Bicycle Crashes, Cycling Safety, Insurance

What to do After a Bicycle Crash

4 Feet is the Law

What do you do if you are in a cycling crash with a vehicle? Many cyclists find themselves in a state of shock, considering themselves lucky to be alive after a crash and they forget some basic steps that could make a big difference in their lives.

Be Prepared

Before you go out on a ride, make sure you are carrying some form of identification, your emergency contacts, and a form of communication and documentation (your cell phone). Familiarize yourself with the rules of road, or even better get certified by taking a course like Traffic Skills 101 from a trained instructor like the ones at the Coalition for Appropriate Transportation in the Lehigh Valley. These courses will teach anyone, from the novice to the most seasoned rider, how to be safe and ride the right way.

Don’t Assume You are OK

Many crash related injuries don’t present themselves immediately. Just because you feel “OK” right after the crash does not necessarily mean that you are not injured. Sometimes it may take a few days for the symptoms of a crash to appear. Your body will generate adrenaline and endorphins which will produce energy and can mask pain. Once the effects of those chemicals released in your body have subsided, the pain from your injuries could appear.

Alert Authorities

Call 9-1-1 or have someone call for you. Have the police respond to document the incident. Explain how and where you were riding and why you were riding there. Many police officers have not received any training in the proper way to operate a bicycle in traffic. If needed, politely educate the officer on the safe and proper way to operate a bicycle on the roadway. Become familiar with the laws in PA and know the PA Bicycle Driver’s Manual.

If the police cannot or will not respond, gather the necessary information yourself and submit a report yourself. In Pennsylvania, anyone involved in a crash with injuries to a person or damage to a vehicle to the extent it cannot be driven normally, must complete a crash report and submit it to the Commonwealth. Even if the police do respond, it is a good idea for you to gather as much information as possible.

Gather Facts

You will want to gather as much information as possible at the scene. The more information you can gather, the better off you will be. You never know what piece of information will prove to be valuable later on.

  • Crash Location
    • Document the exact location, street names, reference points if not at an intersection. Try to get whatever information could be useful to pinpoint the exact location of the crash. Get the speed limit of the roadway, take photos of the traffic signs in the vicinity. Document the road configuration (number of lanes, turning lanes, etc.)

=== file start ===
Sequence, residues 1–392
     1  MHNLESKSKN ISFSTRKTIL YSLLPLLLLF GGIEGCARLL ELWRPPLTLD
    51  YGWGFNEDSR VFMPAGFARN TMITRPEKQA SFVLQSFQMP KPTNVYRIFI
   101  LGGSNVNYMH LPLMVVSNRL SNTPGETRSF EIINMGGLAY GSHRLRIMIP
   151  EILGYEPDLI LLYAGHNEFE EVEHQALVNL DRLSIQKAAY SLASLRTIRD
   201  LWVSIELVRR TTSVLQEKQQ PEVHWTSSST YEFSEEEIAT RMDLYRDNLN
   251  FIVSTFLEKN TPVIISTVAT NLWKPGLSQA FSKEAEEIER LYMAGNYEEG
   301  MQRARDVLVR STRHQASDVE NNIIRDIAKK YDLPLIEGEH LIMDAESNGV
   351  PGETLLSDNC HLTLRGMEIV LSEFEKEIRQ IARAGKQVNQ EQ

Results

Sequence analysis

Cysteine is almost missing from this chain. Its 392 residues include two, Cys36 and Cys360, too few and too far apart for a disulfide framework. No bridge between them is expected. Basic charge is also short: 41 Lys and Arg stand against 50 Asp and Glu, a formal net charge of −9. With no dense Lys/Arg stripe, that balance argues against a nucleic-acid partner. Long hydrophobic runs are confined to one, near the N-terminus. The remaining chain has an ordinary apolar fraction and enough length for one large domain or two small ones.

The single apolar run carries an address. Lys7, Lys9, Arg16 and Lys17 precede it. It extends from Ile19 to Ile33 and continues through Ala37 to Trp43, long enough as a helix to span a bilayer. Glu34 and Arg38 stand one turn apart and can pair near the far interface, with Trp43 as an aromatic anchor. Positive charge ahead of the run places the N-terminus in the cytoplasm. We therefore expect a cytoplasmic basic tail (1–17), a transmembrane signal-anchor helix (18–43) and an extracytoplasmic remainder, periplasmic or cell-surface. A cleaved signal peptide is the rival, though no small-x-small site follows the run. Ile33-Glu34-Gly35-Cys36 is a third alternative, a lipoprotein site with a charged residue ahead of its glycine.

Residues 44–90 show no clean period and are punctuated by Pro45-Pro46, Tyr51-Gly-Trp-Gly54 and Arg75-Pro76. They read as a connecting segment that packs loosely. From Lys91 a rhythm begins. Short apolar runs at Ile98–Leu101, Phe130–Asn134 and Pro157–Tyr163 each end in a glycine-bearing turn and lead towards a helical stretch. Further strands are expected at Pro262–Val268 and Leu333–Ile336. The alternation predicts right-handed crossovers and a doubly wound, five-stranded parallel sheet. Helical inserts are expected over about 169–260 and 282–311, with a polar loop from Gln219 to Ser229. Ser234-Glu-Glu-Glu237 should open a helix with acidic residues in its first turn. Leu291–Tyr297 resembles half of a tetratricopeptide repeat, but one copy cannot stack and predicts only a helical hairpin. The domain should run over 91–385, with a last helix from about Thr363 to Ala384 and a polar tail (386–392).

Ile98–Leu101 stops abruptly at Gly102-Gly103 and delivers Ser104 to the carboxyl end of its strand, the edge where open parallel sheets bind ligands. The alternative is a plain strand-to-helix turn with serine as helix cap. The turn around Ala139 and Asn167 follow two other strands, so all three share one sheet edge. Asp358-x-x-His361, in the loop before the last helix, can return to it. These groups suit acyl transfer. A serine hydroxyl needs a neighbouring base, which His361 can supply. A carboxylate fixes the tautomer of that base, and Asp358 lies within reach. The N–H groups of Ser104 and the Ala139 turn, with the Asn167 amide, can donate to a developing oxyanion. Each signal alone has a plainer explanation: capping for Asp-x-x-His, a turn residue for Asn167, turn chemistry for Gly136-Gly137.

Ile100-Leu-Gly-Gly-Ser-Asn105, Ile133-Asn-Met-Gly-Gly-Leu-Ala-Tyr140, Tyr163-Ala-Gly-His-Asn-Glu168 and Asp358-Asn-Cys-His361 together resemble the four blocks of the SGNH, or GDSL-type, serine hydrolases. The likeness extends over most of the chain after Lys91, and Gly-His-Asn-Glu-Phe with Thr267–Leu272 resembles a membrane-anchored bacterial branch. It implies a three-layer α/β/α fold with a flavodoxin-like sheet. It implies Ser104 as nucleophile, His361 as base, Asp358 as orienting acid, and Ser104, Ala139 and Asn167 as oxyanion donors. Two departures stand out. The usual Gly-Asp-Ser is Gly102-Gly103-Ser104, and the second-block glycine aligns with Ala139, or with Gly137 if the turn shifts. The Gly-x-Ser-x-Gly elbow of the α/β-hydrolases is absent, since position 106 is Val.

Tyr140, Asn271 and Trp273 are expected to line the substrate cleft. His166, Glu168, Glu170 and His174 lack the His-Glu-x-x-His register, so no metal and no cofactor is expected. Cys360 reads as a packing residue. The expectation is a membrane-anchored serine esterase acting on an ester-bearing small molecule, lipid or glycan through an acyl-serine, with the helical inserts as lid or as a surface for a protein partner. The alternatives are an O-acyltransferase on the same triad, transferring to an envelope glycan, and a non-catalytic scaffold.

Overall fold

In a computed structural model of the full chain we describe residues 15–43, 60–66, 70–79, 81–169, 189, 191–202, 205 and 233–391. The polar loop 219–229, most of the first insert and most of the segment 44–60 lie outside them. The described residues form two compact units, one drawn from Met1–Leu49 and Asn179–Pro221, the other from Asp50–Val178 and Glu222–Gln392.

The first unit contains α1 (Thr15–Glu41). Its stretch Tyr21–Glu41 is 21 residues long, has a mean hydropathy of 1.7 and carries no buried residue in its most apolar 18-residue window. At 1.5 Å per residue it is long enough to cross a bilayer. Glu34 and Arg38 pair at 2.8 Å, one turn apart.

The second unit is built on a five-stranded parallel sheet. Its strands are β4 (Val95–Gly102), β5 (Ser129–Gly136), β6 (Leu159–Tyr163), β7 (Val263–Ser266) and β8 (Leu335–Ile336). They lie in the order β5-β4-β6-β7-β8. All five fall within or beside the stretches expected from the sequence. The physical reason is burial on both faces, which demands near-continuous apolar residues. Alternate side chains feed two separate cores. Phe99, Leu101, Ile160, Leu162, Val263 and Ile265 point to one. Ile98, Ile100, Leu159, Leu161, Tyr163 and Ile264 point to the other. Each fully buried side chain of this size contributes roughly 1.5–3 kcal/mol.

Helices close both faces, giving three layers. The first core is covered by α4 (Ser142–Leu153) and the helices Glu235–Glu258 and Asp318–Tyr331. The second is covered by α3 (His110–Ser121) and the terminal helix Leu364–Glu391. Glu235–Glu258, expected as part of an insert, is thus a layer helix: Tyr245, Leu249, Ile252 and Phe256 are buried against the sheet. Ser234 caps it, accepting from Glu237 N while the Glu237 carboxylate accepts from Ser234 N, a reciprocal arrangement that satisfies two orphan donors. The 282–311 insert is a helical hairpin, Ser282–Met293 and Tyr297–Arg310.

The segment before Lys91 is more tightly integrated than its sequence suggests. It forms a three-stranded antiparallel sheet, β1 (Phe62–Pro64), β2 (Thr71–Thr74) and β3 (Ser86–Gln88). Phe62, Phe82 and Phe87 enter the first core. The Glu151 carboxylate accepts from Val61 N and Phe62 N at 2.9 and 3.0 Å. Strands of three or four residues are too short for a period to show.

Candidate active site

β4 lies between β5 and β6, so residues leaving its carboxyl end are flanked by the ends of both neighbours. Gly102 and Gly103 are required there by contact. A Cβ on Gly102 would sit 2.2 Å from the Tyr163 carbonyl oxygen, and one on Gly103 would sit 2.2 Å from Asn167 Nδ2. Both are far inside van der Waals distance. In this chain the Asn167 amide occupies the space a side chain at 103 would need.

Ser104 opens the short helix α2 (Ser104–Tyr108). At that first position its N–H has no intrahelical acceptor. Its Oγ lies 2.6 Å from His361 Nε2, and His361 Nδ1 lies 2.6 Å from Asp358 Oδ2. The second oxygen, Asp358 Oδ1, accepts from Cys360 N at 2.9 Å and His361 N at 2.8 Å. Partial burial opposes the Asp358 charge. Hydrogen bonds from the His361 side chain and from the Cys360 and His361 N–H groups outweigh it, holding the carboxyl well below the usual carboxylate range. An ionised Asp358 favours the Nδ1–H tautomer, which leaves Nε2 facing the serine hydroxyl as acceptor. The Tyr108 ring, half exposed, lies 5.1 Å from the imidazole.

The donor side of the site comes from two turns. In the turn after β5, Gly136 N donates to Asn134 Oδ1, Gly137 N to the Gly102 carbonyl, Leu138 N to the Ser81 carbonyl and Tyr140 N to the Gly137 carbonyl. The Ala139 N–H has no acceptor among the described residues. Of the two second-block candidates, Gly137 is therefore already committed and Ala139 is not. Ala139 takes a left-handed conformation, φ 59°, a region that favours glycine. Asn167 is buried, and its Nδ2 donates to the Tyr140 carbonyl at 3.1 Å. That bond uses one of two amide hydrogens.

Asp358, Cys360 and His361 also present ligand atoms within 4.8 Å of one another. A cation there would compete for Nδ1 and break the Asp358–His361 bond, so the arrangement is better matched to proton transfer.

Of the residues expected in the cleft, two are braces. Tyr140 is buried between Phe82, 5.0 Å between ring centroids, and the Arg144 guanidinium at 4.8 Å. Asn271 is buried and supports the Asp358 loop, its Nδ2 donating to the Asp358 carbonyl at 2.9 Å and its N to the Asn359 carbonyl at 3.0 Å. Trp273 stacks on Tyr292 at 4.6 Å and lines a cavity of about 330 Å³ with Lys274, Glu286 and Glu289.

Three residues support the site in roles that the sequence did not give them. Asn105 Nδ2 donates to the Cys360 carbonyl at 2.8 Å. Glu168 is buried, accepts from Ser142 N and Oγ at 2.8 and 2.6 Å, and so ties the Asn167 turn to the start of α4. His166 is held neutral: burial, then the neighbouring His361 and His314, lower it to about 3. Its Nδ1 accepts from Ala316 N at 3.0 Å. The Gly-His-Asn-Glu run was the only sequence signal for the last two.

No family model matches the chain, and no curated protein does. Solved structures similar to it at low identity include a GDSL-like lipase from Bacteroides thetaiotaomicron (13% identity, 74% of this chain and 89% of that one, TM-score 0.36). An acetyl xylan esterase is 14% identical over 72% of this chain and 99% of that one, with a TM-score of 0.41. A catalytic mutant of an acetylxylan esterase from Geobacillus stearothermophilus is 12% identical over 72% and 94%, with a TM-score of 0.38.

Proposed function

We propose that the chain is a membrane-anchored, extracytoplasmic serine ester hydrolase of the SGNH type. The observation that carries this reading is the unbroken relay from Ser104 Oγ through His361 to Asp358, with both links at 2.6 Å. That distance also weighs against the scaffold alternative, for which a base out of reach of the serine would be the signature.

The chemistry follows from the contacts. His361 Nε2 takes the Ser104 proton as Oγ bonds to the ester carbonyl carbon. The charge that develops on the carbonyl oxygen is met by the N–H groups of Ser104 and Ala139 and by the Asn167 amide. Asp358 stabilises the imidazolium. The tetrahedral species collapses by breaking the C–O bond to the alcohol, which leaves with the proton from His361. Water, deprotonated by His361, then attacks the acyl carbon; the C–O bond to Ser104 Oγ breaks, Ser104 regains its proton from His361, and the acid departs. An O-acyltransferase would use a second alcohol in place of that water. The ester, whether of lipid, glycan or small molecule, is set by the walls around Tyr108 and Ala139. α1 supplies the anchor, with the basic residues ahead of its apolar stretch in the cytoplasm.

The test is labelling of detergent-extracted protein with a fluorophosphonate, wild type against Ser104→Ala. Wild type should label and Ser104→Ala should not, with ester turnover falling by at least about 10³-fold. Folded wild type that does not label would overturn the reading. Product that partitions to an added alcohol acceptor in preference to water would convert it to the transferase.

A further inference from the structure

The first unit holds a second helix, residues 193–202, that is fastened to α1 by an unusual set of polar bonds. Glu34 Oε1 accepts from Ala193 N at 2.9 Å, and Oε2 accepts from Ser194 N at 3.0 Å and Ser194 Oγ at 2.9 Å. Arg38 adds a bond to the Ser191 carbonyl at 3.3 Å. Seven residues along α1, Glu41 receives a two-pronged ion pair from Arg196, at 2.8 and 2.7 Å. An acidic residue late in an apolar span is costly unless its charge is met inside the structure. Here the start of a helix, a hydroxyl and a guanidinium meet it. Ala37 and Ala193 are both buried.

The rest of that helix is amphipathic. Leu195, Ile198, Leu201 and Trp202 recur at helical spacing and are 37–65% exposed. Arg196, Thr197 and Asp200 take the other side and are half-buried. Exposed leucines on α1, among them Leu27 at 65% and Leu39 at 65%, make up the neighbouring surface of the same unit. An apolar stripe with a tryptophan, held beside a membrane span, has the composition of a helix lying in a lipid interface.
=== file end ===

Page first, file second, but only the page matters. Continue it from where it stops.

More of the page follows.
• Vehicles and People Involved
    • Copy or take photos of the cars, driver’s license, registration card, insurance card, license plates
    • Find out who was in the car that hit you.
      • The names and seating positions of all passengers is very importatnt
    • Get the information of all witnesses
      • Find out what they saw, what they heard and where they were when the crash occurred.
      • If they will give permission, take a short video of what they are telling you. It is much faster then writing it down and there are no mistakes.
  • Vehicle Damage
    • Document all damage to any vehicles involved and your bicycle
    • If possible, document the location of all vehicles involved before they are moved, including your bicycle.

Seek Medical Treatment

If you feel any pain or discomfort, you should see a doctor. Do not delay seeking medical treatment. Your doctor is in the best position to check for injuries and to give you advice on what to look for in case your injuries do not appear right away. Don’t worry if you don;t have medical insurance. There is coverage available to you because you were injured in an automobile crash. Pennsylvania law provides protections that are not available in many states.

If you own a car and have car insurance, your car insurance policy will pay 100% of your medical bills up to your policy limit ($5,000 minimum on all policies in PA). This is called the Personal Injury Protection (PIP) portion of the auto policy. If you do not own a car, the insurance policy of the car that hit you will be responsible to pay for your medical expenses, up to that policy’s limit. There is no reason to avoid seeking medical treatment. You will ensure your health and well-being is being cared for and there are no expenses associated with the initial treatment. After the PIP is exhausted, any private medical insurance will begin to pay and you will be subject to any deductibles or co-pays associated with that insurance policy.

Seek Professional Counsel

Do not make statements to insurance adjusters and do not try to negotiate with the offending driver. These people are not on your side and will not look out for your best interests. Insurance adjusters have one goal: settle and close your claim as quickly as possible by paying as little as possible. A professional, experienced attorney will help you navigate these very troubled waters and make sure that you are protected.

J iPhone 001Jason Schiffer is an attorney with the law firm of Cohen, Feeley, Altemose & Rambo located in Bethlehem, PA. He spent a twenty-year career as a police officer, a bicycle police officer, certified cycling instructor, and certified bicycle mechanic. He was also certified in police accident reconstruction and uses his experience and cycling passion to advocate for cyclists’ who have been injured in crashes. Contact me if you have any questions or think that you need assistance with a claim for a no-charge consultation. Our firm does not charge any attorney fees unless and until a recovery is made for you.

 

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